So what did I do to over come these doubts blocking me from feeling intimate in my relationships? It took a lot of feeling uncomfortable in my relationships. Also trusting that I would eventually feel a sense of comfort and ease in them again. It wasn’t easy and it’s something I’m still working on. But it’s also something that I can feel myself getting stronger in. And I’ve seen a noticeable differences in my moods and relationships.

I started by first, reaching out to the people I know. This may seem obvious for those who have healthy relationships. But for those who have been in abusive or conditional ones, it can be a daunting task. To open up to another human and not knowing what to expect. I’m currently using a couple of dating apps and one way I’ve been reaching out is through sending messages to people I feel I would match well with.

Just the act of letting someone know you are interested is the first and most important step. The environment I grew up in was a very cold one. We learned to hold back our emotions and feelings of affection for one another. We did this as a way to punish or keep the other person wanting what they can’t have. By making it seem as though our regard was unobtainable or conditional, we left the other person wanting or needing us. This was how we felt value. But the older I get, the more I realize that this is most likely due to being too scared to open up and be our emotional and vulnerable selves around one another. The feelings of being unlovable were too painful to expose to one another. So we hid our feelings and felt ashamed of who we were seen as.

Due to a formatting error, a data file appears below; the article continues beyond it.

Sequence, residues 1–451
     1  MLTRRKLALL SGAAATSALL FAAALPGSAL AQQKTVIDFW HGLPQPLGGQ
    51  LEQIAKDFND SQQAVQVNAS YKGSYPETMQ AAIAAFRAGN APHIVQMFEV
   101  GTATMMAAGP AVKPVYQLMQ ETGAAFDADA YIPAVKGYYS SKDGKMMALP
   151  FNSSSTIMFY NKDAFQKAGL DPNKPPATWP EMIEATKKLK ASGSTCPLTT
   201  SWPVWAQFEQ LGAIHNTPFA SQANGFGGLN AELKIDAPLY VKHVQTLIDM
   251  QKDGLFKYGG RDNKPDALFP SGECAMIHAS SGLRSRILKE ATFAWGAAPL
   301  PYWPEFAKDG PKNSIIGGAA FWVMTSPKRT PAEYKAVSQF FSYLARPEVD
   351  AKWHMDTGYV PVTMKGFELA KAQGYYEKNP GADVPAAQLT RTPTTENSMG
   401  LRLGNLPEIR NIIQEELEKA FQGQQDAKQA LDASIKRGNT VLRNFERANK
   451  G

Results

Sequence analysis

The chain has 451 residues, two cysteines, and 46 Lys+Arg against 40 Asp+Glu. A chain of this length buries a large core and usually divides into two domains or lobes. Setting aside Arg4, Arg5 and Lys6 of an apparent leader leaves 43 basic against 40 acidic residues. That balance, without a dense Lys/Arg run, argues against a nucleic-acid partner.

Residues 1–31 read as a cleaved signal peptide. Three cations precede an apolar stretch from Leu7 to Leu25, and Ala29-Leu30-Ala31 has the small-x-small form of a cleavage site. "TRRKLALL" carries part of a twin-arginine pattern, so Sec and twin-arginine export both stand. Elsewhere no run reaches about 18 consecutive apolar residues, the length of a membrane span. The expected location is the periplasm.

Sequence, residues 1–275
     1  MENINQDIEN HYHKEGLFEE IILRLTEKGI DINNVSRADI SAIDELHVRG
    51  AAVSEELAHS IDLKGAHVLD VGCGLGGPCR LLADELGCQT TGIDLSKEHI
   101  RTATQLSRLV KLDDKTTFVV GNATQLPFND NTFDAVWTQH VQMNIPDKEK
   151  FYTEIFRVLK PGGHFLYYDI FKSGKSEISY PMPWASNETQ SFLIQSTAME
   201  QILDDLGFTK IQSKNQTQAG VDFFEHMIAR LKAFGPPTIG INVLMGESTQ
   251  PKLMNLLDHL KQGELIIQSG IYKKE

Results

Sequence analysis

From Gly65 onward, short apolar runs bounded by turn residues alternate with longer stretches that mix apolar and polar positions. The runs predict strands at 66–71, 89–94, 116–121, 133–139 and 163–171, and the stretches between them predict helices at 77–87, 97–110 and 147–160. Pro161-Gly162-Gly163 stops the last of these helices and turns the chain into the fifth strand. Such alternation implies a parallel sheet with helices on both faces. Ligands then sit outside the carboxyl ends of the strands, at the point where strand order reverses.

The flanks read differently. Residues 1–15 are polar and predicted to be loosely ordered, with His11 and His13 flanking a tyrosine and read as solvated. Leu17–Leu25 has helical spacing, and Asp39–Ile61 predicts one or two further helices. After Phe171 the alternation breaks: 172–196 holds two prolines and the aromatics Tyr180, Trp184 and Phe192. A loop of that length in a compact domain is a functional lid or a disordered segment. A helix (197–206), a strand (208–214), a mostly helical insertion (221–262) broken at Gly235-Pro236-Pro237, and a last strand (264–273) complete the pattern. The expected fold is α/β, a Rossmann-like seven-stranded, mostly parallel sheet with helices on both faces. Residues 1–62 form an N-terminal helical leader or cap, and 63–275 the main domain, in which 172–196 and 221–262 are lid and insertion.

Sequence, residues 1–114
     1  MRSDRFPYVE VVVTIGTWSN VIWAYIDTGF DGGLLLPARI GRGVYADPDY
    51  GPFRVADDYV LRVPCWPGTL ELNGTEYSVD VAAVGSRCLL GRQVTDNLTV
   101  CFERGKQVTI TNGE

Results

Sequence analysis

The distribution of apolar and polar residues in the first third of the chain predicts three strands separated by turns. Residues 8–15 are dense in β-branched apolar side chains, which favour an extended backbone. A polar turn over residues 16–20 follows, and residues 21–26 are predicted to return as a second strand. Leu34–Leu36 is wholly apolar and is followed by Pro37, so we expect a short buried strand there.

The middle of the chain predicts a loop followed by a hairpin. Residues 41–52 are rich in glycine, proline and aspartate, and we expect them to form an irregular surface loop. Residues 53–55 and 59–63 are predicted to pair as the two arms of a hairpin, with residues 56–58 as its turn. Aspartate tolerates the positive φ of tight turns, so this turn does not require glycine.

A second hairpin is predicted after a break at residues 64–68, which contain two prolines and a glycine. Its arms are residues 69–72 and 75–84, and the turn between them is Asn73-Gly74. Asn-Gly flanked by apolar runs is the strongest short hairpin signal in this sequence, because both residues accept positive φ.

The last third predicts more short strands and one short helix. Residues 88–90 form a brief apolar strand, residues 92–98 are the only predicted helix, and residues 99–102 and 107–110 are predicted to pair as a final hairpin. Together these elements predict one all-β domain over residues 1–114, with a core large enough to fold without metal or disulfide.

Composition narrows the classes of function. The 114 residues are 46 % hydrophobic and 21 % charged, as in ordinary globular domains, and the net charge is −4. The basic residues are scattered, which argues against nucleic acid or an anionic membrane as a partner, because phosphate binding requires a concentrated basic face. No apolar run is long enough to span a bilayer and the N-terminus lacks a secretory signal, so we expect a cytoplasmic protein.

Seeking Unhealthy Relationships

And these were the types of romantic relationships I sought. Where sex appeal was the most important attribute and a relationship that I didn’t have to be responsible for myself in. Either for myself or for my partner. I wasn’t looking out for my partner because I felt as though I had to be constantly guarded to protect myself. I’d later find out that I was hyper vigilant due to the trauma I experienced in my childhood. This is something I feel terrible about now, but while I was in relationship, I had no idea this was happening. Only that everybody was a potential threat. Especially those closest to me.

And that’s not to say that there weren’t times where I felt intimate. But these times were not a priority to me in my relationships. I was mostly seeking pleasure. The way I would drink to numb feelings that were too raw and to feel good in the moment. These were the ways I was in relationship, because it was what was shown to me. To change my way of being in relationship, from something I used to give me pleasure to reciprocal appreciation of each other, I had to start accepting the people in my life, myself included, for who they are.

Being Strong in Who You Are, Not as Who Others Think You Should be